Wednesday, November 05, 2008

Congratulations America! - Barack Obama

It has been done, the USA has crossed a societal metaphorical bridge with the election of Barack Obama.

I was born while segregation still existed. I was six years old when Martin Luther King was killed. It is an unpleasant part of our history and not so long ago in our past. I certainly didn't experience this aspect of our history as intensely as those directly affected by it.

I believe this election represents a proud moment where a once very racially divided country has turned another corner and found a way to look forward to something different, something new.

Regardless of who you voted for as a citizen of the USA, or rooted for from another country, I invite you to offer congratulations to President Elect Barack Obama and the Americans that chose to vote for him. I wish him and us the best possible outcome during his term in office.


Dave Baldacchino said...

I've been following this amazing race to the White House since the primaries. I missed the first few significant events but once I heard him speak, I was hooked...I'm sure plenty know the feeling! It was amazing to see him beat Hillary. It was no easy feat for a "rookie". He has run a historic campaign, capitalizing on the "tribe" he and his team have managed to nurture.

I'm not a US citizen yet so I couldn't vote (too darn bad) but am looking forward to become one and vote in the next round. The journey will not be easy and we're in for some tough years ahead. I'm positive however that the perception of this great country in the eyes of the world has nowhere to go but up. The US is highly polarized just like my country of citizenship (Malta). I hope that the politics-as-usual establishment will be abolished. We shall see, but there's hope.

Lindsay and Parley said...

Thanks for the upbeat posting. Though, if race shouldn't be an issue in deciding who's president, why are we still talking about how great it is to have a African American president? I thought race didn't matter?! Fact of the matter is.. Race meant everything in this election!

Steve said...

I found his speech last night very moving and I'm a skeptic/cynic when it comes to politics.

It wasn't about race for me but I'm sure it was a factor for many voters.

Steve said...

I remember reading something that went something like this: "There is never a day when I'm not, in some way, reminded that I'm black. I can't help but wonder what it would be like to go through life never thinking about the color of my skin."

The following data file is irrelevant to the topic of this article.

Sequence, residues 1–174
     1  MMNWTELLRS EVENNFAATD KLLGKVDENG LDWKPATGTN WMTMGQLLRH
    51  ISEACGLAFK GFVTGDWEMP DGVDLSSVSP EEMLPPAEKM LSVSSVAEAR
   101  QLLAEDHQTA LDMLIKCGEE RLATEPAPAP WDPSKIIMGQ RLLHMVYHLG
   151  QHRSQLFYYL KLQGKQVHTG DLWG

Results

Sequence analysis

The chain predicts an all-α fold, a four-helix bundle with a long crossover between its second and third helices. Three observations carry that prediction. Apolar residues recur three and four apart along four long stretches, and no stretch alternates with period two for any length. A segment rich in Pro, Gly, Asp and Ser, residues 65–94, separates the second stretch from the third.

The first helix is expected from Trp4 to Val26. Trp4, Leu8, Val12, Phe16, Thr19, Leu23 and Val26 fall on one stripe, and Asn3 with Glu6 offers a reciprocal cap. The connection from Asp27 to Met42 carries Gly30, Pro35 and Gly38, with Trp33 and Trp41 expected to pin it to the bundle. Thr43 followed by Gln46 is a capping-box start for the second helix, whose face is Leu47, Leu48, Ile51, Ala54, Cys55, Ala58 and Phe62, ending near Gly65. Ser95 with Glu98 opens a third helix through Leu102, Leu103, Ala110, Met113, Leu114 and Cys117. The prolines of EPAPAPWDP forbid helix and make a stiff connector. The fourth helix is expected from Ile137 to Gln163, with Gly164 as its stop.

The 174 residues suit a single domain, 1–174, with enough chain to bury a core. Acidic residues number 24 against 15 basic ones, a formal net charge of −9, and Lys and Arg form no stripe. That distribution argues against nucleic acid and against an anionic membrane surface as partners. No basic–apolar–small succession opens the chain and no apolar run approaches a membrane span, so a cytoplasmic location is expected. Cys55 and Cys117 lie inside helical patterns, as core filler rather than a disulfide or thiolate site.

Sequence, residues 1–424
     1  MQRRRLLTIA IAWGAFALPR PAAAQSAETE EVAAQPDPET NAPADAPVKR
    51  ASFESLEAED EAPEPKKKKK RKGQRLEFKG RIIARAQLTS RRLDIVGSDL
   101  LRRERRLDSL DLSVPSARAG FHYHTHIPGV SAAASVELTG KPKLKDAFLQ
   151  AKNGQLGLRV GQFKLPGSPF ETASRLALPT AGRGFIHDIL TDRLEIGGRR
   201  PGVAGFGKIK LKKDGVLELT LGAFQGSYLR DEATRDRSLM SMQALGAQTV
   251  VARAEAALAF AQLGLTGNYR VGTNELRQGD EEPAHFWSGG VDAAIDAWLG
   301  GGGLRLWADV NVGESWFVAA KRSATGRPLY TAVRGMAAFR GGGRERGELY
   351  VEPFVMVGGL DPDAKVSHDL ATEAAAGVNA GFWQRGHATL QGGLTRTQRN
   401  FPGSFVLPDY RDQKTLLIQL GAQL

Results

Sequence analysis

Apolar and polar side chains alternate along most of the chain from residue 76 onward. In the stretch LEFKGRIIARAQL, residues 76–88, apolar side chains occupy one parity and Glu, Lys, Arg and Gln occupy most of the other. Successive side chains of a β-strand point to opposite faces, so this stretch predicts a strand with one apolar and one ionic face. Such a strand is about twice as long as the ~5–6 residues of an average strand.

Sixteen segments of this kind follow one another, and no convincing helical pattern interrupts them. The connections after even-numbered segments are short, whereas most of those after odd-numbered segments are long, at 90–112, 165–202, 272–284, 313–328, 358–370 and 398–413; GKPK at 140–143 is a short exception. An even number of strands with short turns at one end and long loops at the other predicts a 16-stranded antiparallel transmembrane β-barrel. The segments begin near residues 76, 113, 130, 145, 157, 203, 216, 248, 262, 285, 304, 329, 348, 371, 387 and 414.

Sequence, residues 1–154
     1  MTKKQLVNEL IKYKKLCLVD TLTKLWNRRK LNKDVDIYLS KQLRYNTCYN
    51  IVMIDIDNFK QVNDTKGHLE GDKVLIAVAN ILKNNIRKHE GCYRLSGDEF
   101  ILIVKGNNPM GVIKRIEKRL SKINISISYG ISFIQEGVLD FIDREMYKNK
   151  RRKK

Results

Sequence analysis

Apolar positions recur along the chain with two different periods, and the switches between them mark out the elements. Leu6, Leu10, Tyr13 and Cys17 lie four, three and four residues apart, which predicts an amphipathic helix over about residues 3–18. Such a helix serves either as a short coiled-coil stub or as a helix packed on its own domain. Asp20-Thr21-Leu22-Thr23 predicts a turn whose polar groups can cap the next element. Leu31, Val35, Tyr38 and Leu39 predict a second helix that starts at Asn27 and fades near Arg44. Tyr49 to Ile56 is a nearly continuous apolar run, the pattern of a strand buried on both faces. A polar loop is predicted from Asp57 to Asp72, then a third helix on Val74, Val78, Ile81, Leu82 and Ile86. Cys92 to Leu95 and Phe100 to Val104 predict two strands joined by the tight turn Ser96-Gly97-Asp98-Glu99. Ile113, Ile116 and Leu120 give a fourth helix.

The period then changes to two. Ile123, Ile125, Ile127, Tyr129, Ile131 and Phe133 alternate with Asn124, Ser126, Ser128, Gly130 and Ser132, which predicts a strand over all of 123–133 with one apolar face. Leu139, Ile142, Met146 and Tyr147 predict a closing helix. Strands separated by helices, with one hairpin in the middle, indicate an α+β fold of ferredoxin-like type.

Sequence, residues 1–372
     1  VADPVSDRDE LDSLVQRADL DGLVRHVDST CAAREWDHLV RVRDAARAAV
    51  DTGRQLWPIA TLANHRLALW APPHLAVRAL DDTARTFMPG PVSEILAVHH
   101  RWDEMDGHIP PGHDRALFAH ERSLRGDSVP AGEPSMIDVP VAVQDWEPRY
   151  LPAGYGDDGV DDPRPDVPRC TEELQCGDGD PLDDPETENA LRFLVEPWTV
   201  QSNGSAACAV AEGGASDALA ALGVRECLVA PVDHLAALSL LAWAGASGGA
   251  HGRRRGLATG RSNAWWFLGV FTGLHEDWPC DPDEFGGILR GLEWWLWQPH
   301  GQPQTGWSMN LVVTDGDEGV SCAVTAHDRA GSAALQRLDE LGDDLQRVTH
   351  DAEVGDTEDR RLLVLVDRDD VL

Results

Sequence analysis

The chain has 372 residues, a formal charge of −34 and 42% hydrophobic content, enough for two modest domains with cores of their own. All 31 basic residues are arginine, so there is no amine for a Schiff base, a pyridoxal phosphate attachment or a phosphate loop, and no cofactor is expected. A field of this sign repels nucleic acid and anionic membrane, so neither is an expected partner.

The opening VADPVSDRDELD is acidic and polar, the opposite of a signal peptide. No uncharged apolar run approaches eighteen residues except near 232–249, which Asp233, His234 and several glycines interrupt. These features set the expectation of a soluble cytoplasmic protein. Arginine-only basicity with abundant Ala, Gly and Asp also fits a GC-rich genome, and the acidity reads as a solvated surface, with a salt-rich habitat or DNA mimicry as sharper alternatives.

I have this vague recollection that it was said by past Supreme Court Judge Thurgood Marshall, but it might just have been a line in a movie.

Regardless, I think it speaks to the what a person of color may endure in a "white" society. I say this as a US born "white" guy of English descent, I can't get more anglo-saxon-caucasian 8-)

I also just happen to have a sister "of color". My parents adopted her, a six month old baby, in the late sixties. Her natural parents were black and white.

Today she dedicates herself to the enrichment of kids as a teacher and as a foster parent. I never think of her in the context of skin color, she's just my sister. Except in the telling of this...

David Light said...

This is the corner stone for the US. As an on looker from another part of the planet I found the whole election compelling and for me, the best man one. The US has come a long way in 40 years and I watched news items over the last few days which highlighted the struggles of many African Americans during the time of Martin Luther King and it made me fell sick! I don't see colour, I see a man who will change America.
Tough times are ahead and it will not be an easy ride, but some of your foreign policy over the last few years has certainly damaged the image of what I think is a great nation. Saying that, the UK has a lot to answer for as well! I am convinced Barack will change this for sure. Let’s just hope for the countries and the world’s sake, he’s allowed to do his job.

Architect said...

If we are using building analogies, I would say this is trim over the door and not foundation. Foundation comes first. The racist legacy of slavery was replaced a long time ago, but some people have been looking only at the trash heap behind the house to find the discarded foundation that was replaced decades ago. The Civil War replaced the foundation, and the Civil Rights Act replaced the foundation again. Now with some new trim around the entry and a new paint job, people will stop digging around in the past and crying racism where there is none.